Oddly enough, I hadn’t heard about the Karyn Bosnak controversy until recently. I don’t quite understand the level of animosity that seems to be directed at her, as reported by CNN. Is consumer debt in general shallow? Sure. Is $20k a lot of money? Hell yeah. However, it’s a free country and people are free to do what they want with their money. I’m not talking about Karyn, I’m talking about the people who sent her their hard-earned cash.
Consumer debt sucks. I know, I have my own. So does most of America, though granted, we don’t all have $20k worth. Some of my money decisions were bad, some were made out of desperation. I’m still trying to get through college, after all. I will freely admit that I’ve made my mistakes, and I’d be highly surprised if any of those critics were perfect.
If you’re going to berate Karyn, then you should include those who sent her money. After all, they could have given their money to the beggar on the corner, but they didn’t. Personally, I don’t give money to beggars. It’s not that I don’t empathize with them, but I live in a big city (Philadelphia) and get accosted way too often to be able to give handouts to everyone. A fellow student I once worked with said that he came from a small town and handed out like $20 in change the first week he was in the city. Besides, I hear the same stories way too many times to quite believe them. After all, how many guys can be bicycling around town trying to get their daughter’s asthma medicine? Or how many people can be walking up Lancaster Avenue asking for directions to a town 10 miles away?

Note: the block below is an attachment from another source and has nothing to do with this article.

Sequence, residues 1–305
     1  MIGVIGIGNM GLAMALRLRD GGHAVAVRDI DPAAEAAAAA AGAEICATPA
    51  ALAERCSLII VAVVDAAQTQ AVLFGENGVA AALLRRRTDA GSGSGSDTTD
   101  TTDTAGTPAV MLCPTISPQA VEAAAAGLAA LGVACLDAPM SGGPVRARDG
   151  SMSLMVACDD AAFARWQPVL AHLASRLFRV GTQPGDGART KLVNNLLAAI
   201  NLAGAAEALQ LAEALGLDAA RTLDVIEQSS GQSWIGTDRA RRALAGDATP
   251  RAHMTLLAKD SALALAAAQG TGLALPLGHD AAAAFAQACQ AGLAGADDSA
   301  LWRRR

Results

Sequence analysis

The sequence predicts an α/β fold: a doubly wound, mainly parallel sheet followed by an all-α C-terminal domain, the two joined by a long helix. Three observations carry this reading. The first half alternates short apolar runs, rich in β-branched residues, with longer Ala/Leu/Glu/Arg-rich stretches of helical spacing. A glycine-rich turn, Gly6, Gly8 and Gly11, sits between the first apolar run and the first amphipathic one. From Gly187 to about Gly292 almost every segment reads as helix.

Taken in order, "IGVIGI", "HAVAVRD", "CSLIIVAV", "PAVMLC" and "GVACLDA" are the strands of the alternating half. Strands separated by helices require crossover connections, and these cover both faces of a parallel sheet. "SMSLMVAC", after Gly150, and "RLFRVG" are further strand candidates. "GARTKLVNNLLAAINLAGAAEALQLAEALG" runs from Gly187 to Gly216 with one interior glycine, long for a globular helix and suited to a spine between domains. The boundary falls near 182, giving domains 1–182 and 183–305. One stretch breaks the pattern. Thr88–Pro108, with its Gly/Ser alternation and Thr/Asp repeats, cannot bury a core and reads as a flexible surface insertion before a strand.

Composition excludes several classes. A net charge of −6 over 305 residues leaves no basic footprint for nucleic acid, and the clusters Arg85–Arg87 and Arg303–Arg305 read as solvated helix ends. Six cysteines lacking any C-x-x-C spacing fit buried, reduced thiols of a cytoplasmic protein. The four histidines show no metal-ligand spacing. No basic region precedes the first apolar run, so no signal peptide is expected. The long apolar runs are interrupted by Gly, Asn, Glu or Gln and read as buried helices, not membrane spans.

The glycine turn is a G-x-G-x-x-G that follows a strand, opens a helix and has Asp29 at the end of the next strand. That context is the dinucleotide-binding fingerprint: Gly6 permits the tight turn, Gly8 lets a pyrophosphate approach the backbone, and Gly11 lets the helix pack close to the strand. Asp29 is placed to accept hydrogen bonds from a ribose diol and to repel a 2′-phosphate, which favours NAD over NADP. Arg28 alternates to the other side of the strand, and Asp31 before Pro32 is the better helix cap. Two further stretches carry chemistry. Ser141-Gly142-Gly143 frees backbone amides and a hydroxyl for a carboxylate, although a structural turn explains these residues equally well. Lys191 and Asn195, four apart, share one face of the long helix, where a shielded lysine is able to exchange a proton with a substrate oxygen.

My point is, these people made their money, they can give it to whomever they want. And, in fact, it is a gift, and therefore covered by the IRS rules therein.
Hate Karyn if you will. Encourage people to put their money elsewhere if you want. I’m sure you could convince some of them. But don’t wish her dead, or I hope that your karma speaks for itself.